Please use this identifier to cite or link to this item: https://ahro.austin.org.au/austinjspui/handle/1/31001
Title: Home monitoring in interstitial lung diseases.
Austin Authors: Wijsenbeek, Marlies S;Moor, Catharina C;Johannson, Kerri A;Jackson, Peter D;Khor, Yet H ;Kondoh, Yasuhiro;Rajan, Sujeet K;Tabaj, Gabriela C;Varela, Brenda E;van der Wal, Pieter;van Zyl-Smit, Richard N;Kreuter, Michael;Maher, Toby M
Affiliation: Respiratory and Sleep Medicine
Central Clinical School, Monash University, Melbourne, VIC, Australia
Centre of Excellence for Interstitial Lung Diseases and Sarcoidosis, Department of Respiratory Medicine, Erasmus MC, University Medical Center, Rotterdam, Netherlands..
Department of Medicine and Snyder Institute for Chronic Diseases, University of Calgary, Calgary, AB, Canada..
Department of Pulmonary and Critical Care Medicine, Virginia Commonwealth University, Richmond, VA, USA..
Department of Respiratory Medicine and Allergy, Tosei General Hospital, Seto, Japan..
Department of Chest Medicine, Bombay Hospital Institute of Medical Sciences, Bhatia Hospital, Mumbai, India..
Department of Respiratory Medicine, Cetrángolo Hospital, Buenos Aires, Argentina..
Department of Respiratory Medicine, Hospital Alemán, Buenos Aires, Argentina..
Patient expert, University of Cape Town and Groote Schuur Hospital, Cape Town, South Africa..
Division of Pulmonology and University of Cape Town Lung Institute, Department of Medicine, University of Cape Town and Groote Schuur Hospital, Cape Town, South Africa..
Center for Interstitial and Rare Lung Diseases and Interdisciplinary Center for Sarcoidosis, Thoraxklinik, University Hospital Heidelberg, Germany; German Center for Lung Research, Heidelberg, Germany; Department of Pneumology, RKH Clinics Ludwigsburg, Ludwigsburg, Germany..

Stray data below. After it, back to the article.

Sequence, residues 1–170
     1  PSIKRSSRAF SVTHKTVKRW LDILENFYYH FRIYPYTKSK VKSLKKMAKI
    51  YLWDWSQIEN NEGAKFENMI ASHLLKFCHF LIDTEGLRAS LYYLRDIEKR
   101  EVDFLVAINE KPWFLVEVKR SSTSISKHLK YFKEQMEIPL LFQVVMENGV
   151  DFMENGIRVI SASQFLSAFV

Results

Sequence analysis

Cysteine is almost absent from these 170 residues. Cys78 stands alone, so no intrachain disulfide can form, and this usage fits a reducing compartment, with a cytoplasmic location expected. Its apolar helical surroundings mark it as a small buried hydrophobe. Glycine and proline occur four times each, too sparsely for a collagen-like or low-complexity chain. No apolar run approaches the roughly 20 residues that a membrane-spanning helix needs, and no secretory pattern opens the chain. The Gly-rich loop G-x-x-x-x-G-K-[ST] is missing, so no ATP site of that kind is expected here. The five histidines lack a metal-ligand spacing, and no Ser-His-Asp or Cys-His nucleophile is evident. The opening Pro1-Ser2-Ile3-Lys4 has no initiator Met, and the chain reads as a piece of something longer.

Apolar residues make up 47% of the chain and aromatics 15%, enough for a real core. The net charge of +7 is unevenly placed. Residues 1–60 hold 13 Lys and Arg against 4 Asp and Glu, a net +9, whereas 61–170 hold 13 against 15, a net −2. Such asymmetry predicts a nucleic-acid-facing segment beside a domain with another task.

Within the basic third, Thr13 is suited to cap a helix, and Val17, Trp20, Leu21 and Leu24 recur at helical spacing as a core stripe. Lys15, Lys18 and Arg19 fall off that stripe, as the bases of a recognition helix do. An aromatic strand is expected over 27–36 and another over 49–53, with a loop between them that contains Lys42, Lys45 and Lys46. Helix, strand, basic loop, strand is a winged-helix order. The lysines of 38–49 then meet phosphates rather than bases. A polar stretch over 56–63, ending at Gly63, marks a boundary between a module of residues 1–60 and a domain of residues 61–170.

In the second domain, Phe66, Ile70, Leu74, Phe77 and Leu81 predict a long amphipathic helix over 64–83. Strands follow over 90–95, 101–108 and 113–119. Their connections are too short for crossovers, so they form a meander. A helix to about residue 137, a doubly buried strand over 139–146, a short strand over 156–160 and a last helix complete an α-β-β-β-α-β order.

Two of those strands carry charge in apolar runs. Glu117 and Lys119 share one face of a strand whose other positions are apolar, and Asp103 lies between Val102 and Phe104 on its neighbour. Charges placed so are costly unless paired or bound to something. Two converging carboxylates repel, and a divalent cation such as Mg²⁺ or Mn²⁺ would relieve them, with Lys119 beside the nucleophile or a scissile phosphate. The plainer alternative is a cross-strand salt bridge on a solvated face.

Division of Pulmonary, Critical Care and Sleep Medicine, Keck School of Medicine, University of Southern California, Los Angeles, CA, USA; National Heart and Lung Institute, Imperial College London, London, UK..
Issue Date: 2023
Date: 2022
Publication information: The Lancet. Respiratory Medicine 2023; 11(1)
Abstract: The widespread use of smartphones and the internet has enabled self-monitoring and more hybrid-care models. The COVID-19 pandemic has further accelerated remote monitoring, including in the heterogenous and often vulnerable group of patients with interstitial lung diseases (ILDs). Home monitoring in ILD has the potential to improve access to specialist care, reduce the burden on health-care systems, improve quality of life for patients, identify acute and chronic disease worsening, guide treatment decisions, and simplify clinical trials. Home spirometry has been used in ILD for several years and studies with other devices (such as pulse oximeters, activity trackers, and cough monitors) have emerged. At the same time, challenges have surfaced, including technical, analytical, and implementational issues. In this Series paper, we provide an overview of experiences with home monitoring in ILD, address the challenges and limitations for both care and research, and provide future perspectives. VIDEO ABSTRACT.
URI: https://ahro.austin.org.au/austinjspui/handle/1/31001
DOI: 10.1016/S2213-2600(22)00228-4
Journal: The Lancet. Respiratory Medicine
PubMed URL: 36206780
Type: Journal Article
Appears in Collections:Journal articles

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